The most recent of three planned walkouts by members of the RMT and TSSA unions in the middle of the week badly affected commuting in the capital, with folk struggling, like herds of wounded animals, to get into work. Turning to overground trains, buses, bikes and boat services as London Underground services were severely disrupted, the talk was of whether more strikes would occur during the festive season.
Industrial disputes have rocked Europe over the past couple of months. In October, fuel ran out at many French filling stations as strikes over pensions reform affected supplies of oil. And in September flights to, from and within Spain were badly affected by a general strike.
With governments across the continent implementing austerity measures in a bid to get shattered economies back into the black, further industrial unrest seems likely. But if you’re a manufacturer, what can you do to ensure products continue to be made and delivered on time when usually reliable transport networks are crippled?
Emergency logistics company Evolution Time Critical says OEMs and their suppliers should be geared up to deal with any contingency caused by incidents such as industrial disputes. “I don’t think there’s any sign of these strikes going away and with austerity measures being implemented across Europe we may see longer and more damaging disputes occurring,” says Brad Brennan of Evolution. “This winter could be one of discontent.”
From a logistics point of view, he argues that manufacturers and their suppliers can do more to keep moving in the event of disruption. Evolution Time Critical, which specialises in the automotive industry but also works in other sectors, says carmakers sometimes don’t have a consistent approach to planning logistics to keep production on the road in the event of an emergency. The problem is exacerbated by just-in-time supply chains where large spare quantities of stock are not kept. “Relying on stocks can be a little bit like burying your head in the sand,” Brennan says. “It is not going to work with strikes getting longer in duration.” Further, he adds, demand suddenly picks up when unrest ends and transport networks begin to function again. Manufacturers and suppliers can be ill-prepared for this.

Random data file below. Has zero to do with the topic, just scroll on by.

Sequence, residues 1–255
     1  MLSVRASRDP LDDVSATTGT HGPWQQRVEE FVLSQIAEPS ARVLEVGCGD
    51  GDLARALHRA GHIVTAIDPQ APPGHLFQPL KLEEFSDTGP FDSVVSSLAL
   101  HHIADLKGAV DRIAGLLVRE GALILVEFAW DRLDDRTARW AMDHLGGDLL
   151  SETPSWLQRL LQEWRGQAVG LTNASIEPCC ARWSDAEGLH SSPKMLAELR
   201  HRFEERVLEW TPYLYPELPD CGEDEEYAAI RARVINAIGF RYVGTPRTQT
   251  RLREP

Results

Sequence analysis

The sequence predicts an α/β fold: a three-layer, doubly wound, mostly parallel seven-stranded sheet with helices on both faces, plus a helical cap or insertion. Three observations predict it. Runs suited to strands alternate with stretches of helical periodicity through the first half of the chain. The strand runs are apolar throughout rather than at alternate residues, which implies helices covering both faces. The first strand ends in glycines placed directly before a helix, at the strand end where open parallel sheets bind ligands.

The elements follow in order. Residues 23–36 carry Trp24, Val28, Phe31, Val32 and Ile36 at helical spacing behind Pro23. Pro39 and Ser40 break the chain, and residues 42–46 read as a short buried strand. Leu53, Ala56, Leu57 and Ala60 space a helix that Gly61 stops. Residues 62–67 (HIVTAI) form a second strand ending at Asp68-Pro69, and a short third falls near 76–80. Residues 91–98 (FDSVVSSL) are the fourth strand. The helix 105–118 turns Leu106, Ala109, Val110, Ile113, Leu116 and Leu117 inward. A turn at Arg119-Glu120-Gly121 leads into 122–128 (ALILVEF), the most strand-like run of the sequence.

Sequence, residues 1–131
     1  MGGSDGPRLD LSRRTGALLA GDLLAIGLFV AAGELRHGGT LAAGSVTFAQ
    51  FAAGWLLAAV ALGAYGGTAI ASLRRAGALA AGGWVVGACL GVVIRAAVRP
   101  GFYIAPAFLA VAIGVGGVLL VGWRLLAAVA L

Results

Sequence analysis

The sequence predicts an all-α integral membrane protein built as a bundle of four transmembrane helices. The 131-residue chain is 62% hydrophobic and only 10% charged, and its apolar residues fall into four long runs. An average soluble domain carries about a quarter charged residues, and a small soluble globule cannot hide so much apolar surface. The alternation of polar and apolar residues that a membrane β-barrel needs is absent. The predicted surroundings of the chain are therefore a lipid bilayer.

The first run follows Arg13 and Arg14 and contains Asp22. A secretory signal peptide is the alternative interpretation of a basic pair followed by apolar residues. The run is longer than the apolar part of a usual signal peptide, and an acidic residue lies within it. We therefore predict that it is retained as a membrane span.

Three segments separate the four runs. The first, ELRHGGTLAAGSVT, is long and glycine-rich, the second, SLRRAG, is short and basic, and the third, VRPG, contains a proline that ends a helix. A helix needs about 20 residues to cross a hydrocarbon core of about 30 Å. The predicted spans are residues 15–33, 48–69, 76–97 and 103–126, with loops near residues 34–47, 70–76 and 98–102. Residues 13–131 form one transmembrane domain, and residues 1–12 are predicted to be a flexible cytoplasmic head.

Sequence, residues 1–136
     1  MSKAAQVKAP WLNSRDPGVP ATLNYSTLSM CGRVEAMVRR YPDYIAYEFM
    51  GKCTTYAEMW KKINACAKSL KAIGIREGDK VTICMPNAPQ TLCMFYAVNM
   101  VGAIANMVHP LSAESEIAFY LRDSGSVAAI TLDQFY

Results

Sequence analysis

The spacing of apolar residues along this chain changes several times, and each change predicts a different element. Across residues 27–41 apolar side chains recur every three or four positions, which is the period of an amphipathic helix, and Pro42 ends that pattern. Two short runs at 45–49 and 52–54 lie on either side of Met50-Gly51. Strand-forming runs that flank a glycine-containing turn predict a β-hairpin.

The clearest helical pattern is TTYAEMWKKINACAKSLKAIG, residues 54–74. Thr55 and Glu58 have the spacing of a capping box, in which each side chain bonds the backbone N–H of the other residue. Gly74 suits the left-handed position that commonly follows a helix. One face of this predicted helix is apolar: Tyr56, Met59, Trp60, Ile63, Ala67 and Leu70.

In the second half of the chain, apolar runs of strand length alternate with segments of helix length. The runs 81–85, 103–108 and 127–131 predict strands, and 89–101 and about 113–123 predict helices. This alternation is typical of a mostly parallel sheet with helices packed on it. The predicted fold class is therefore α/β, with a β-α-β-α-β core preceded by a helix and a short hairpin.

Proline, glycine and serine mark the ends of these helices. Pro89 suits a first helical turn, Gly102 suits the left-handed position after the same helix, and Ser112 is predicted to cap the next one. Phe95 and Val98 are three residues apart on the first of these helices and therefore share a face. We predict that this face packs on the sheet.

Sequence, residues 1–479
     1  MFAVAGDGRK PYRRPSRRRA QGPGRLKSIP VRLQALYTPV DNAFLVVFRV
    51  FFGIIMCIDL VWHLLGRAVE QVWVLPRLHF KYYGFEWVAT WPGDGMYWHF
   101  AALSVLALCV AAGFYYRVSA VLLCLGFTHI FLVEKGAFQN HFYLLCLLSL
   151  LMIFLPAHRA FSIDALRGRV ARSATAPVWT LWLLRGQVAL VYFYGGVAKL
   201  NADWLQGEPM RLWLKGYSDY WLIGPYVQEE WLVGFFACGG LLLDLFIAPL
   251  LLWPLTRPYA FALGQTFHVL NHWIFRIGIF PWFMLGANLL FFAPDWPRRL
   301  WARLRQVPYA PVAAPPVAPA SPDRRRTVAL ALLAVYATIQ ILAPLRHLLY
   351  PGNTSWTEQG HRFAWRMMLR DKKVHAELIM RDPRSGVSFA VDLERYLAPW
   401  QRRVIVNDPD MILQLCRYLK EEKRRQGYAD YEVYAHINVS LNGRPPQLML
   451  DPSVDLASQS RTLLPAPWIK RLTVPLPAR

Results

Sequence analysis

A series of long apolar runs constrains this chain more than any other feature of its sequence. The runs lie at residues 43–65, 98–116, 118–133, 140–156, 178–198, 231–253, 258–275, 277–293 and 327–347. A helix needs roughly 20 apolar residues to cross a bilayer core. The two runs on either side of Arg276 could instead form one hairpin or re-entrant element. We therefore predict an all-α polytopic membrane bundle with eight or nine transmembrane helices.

One approach Evolution takes with its customers is to give them advance warning of action that could disrupt supplies and manufacturing. The firm also scopes out and arranges alternative systems of transport such as networks of regional airports if, for example, major airports are closed. “Everything we do as a company is time critical – we’re not a logistics company that handles regular movement of freight but we do do emergency, time-critical work and we do it for most of Europe’s major carmakers and their suppliers,” Brennan says. Sometimes the firm will develop an emergency logistics service in advance of problems occurring with a certain transport mode or route. “We need to stay ahead of the game,” Brennan says.
He says he is expecting the business to thrive as austerity measures bite across Europe and industrial disputes occur as a result.
Has your firm experienced production problems due to industrial unrest? And do you as engineers plan for emergency logistics?